MAMARONECK, NEW YORK | Is it possible, I asked Bryson DeChambeau, for a player to impose his will on a U.S. Open golf course, even one as increasingly unforgiving as Winged Foot’s West Course?
“That’s one for the gods,” DeChambeau said, a few minutes after finishing his second-round 68 with an eagle at the par-5 ninth hole set up by a 380-yard drive that offered a barrel-chested validation of his particular style of strongman golf.
Gods or not, Saturday and Sunday at Winged Foot will answer the question now that DeChambeau has played himself toward the top of the U.S. Open leaderboard after a Friday when a fresh breeze brought more than an autumn chill to this privileged hamlet north of New York City.
For anyone who worried that this U.S. Open was lacking bite, including the Winged Foot membership which was said to be bothered by the low first-round scoring, that notion vanished like free cookies.
“It’s a proper U.S. Open,” said Louis Oosthuizen shortly after finishing bogey-bogey-double bogey after getting to 3-under par for the championship.
Xander Schauffele, who is in contention again because he’s seemingly always in contention at big events, shook his head at the suggestion that Winged Foot was something less than dangerous.
“I felt like I played my ass off (Thursday) and I barely shot under par, and today really felt like a U.S. Open, I can tell you that,” Schauffele said.
By traditional thinking, DeChambeau should be swimming upstream at Winged Foot, insisting that he can overpower a course framed by ankle-deep rough and featuring putting surfaces that are as knobby as meringue on a pie. U.S. Open set-ups are designed to ask questions of the players, not the other way around.
But DeChambeau has never been content with the status quo any more than Elon Musk is willing to kick back and let someone else do the innovating.
Watching DeChambeau Friday, television analyst and major champion Paul Azinger marveled at how different the game is played now compared to in his prime, not that long ago. Rather than play to hit fairways, Azinger said DeChambeau and others “try to hit it as far as they can in case they hit the fairway.”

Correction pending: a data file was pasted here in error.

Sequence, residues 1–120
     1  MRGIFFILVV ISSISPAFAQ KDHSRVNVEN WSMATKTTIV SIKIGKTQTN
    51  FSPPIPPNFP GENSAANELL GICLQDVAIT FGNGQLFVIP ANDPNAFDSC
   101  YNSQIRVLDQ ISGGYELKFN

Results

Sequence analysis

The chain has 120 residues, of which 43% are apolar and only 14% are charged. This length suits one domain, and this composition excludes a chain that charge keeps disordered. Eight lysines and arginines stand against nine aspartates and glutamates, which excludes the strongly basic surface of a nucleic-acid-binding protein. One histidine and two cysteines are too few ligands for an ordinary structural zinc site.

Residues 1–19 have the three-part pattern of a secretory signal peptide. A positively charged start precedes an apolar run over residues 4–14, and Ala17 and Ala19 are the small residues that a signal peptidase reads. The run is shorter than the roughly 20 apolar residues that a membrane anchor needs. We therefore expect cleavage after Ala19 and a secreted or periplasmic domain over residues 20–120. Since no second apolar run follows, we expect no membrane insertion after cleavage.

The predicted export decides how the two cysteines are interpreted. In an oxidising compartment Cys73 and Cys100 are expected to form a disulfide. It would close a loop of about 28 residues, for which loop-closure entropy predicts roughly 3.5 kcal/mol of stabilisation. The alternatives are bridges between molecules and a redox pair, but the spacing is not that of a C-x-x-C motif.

Even at the U.S. Open.
Here is how DeChambeau described his approach to playing Winged Foot:
“Even if I hit it in the rough, I still feel like I can make birdies out here. I still feel like I can run it up the middle of the green and make a 20-footer.
“Give myself opportunities to still make birdie, whereas most people are laying back, short of a bunker, hit it in the rough even. It’s not guaranteed if you lay up you’re in the fairway. Right? So there are going to be times that people hit it in the rough, and I think the person that’s going to win is going to hit the most fairways and going to make the most putts and also hit it on the greens.
“I still want to hit it straight.” – Bryson DeChambeau
“It’s a simple formula, obviously. But again, you have to execute it, right? That’s the whole point of a U.S. Open, is it’s supposed to be tough.”
Two days in, DeChambeau has hit exactly half of the fairways, which puts him in the top 25 percent of the field in terms of accuracy off the tee. That translates to 3.83 strokes gained off the tee, while averaging 322 yards, which surprisingly isn’t among the top 15 in the field.
While accepting the possibility of drawing a particularly nasty lie in the long, tangly fescue rough, DeChambeau is more concerned about where his misses go than the lies he may draw.
“I still want to hit it straight,” DeChambeau said.
He bogeyed the par-4 second on Friday because he left himself in bad position after hanging his tee shot to the right.
At the par-4 16th, DeChambeau hit another errant drive but because he had driven it 344 yards, he was left with a 156-yard wedge into the green and made birdie there.
Speaking of wedges, DeChambeau closed down the Winged Foot range Thursday night, solving the mystery of why his wedge play hadn’t been better.
Turns out the device he uses to measure every shot wasn’t calibrated properly and he was flying his 47-degree wedge 8 yards longer than the machine was telling him. Who isn’t confused when their wedge is flying 155 yards?
DeChambeau is the most intriguing player in golf because of his willingness to experiment, to change his body and to change his approach. The choices he has made have already been validated in his mind and a U.S. Open victory would be the ultimate reinforcement.
“Confidence is at an all-time high right now, driving it well, iron play is fantastic, wedging is getting better each and every day, and I’m putting it like I know I can,” DeChambeau said between sips of whatever was in his water bottle. “So, very happy.”
As for imposing his will on Winged Foot, well, the weekend remains.
“I don’t know if you can,” DeChambeau said. “Tiger (Woods) has been able to do something like that many times before, so I think there is something, but human scientific research does not say anything about that.”
DeChambeau will have to find out for himself.
Top: Bryson DeChambeau ponders his putt on the 17th green during the second round at Winged Foot. Photo: Jamie Squire, Getty Images
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